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How Much of a Glass of Water Do You Actually Pee Out?

And if you don’t just pee it all out, where does it go?

Maybe this is TMI, but I feel like I pee, like, once an hour. You will never catch this bitch dehydrated! But I’m curious — what does all that water actually do? Does it all just… turn into pee?

Apparently, yeah, pretty much.

Exactly what your body does with the water you consume will depend a lot on your habits. Generally, though, what goes in must come out. While excess calories from both food and beverages can be converted into fat, water basically has no place to go but out. That said, “out” doesn’t necessarily mean peeing: Water can depart the body in the form of sweat, poop, saliva and even just our breath. These are all functions our bodies need, and without intaking the water our bodies use to produce these functions, we will, well, die.

People who exercise more or live in warm climates will likely require more water to help supplement the extra sweating they do. But obviously, sweating and these other non-peeing activities don’t account for all of our water consumption — if they did, we wouldn’t pee at all. Instead, we drink water that ends up converted into pee because our bodily functions produce waste. Our kidneys are continuously filtering our blood. In doing so, they produce urea and uric acid. Your kidneys also filter the water you consume that isn’t used elsewhere. Here, the water combines with urea and uric acid as well as the chemical urobilin, a compound generated from iron in the blood that gives urine its yellow color.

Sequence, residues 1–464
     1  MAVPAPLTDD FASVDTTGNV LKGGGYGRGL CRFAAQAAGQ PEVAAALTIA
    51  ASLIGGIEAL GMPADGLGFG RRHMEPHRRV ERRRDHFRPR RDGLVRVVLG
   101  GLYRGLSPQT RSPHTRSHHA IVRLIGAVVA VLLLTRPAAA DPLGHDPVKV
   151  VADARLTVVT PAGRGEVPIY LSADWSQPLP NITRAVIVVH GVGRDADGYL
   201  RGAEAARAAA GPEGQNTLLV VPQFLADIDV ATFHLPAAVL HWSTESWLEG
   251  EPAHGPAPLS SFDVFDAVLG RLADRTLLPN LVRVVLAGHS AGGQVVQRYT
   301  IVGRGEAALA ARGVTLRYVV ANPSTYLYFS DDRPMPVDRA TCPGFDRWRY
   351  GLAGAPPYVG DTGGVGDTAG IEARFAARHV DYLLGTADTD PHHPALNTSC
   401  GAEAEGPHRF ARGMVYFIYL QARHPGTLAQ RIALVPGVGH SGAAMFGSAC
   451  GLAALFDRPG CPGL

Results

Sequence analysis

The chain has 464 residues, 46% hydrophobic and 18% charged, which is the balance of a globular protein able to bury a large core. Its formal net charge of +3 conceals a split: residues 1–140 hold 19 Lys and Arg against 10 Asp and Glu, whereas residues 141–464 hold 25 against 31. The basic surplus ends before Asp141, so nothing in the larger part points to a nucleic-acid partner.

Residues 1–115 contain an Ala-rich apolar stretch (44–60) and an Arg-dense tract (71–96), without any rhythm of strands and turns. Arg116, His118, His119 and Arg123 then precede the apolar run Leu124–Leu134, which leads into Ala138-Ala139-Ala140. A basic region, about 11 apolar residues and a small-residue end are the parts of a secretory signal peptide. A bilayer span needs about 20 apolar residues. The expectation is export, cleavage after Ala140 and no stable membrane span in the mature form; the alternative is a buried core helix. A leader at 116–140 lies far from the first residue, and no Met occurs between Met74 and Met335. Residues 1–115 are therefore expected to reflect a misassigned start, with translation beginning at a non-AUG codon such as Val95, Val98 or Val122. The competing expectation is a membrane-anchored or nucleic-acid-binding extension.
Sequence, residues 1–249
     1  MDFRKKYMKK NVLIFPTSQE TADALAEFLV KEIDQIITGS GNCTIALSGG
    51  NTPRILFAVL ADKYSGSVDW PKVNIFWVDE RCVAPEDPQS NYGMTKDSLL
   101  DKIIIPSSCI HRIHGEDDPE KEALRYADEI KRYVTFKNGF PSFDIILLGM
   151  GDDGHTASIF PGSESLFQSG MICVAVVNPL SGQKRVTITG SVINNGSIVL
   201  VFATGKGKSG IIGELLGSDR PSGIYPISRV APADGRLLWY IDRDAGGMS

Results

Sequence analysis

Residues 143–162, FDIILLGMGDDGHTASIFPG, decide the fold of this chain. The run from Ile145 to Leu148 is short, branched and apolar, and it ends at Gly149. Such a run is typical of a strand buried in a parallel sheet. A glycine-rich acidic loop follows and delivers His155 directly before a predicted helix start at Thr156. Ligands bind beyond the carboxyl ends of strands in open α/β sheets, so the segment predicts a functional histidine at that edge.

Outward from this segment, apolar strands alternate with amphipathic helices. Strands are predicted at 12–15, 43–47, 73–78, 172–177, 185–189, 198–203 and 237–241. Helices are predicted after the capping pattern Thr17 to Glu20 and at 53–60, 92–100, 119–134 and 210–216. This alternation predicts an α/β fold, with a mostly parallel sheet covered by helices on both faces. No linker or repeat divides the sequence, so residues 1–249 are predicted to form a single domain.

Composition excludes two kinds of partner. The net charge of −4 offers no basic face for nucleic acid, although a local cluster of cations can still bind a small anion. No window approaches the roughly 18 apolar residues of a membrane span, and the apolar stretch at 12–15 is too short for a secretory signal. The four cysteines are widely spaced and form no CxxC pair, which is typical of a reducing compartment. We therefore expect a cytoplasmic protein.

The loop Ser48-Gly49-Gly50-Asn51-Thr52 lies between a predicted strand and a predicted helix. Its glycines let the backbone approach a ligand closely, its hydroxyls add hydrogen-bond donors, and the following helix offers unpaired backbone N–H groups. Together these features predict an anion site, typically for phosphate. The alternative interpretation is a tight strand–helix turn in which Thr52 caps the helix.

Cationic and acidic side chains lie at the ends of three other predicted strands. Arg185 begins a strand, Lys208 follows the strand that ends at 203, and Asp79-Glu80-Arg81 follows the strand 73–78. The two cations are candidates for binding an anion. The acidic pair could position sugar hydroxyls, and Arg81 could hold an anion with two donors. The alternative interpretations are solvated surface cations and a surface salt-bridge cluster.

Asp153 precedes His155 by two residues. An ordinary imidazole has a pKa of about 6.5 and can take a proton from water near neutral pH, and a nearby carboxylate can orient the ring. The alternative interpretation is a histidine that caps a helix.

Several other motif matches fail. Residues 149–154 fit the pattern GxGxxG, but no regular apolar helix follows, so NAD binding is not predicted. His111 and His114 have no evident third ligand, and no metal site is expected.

The color of our urine, then, is our best indication of how much of the water we consume becomes pee. If our urine is nearly the color of water, it contains smaller amounts of urobilin. The only way for this to happen is to drink a lot of water, thus diluting the urobilin. Therefore, if our urine is mostly clear, it’s mostly just water. Alternatively, if our urine is dark, it contains high levels of urobilin and the other byproducts of our kidneys that haven’t otherwise had the opportunity to be flushed out. In other words, you might not be drinking enough water.

So, to determine how much of a single glass of water becomes pee, we’d have to know how many glasses we consumed in a day. A person who doesn’t drink enough water is going to convert less of it to urine, because their other bodily functions require more of it. Further complicating the question of how much of a single glass of water becomes pee is the fact that we also consume some of our daily liquids from food. The water in foods like fruits and vegetables is processed the same way as the rest of the water in the body. Hypothetically, all the water from food could go toward sweat and the other water-consuming functions, while all the water you drink is processed through the kidneys and into the bladder as urine.

According to r/AskScience, our average water intake is about 2,000 to 3,000 milliliters per day, with 1,200 milliliters directly from fluids. A healthy adult will produce about 1,500 milliliters of urine a day. So, again, it’s quite possible that nearly all of a single glass of water just becomes pee.

But there’s nothing wrong with that!

It’s far better to drink more water than the body requires than to not drink enough. Now excuse me while I go pee for the eighth time today.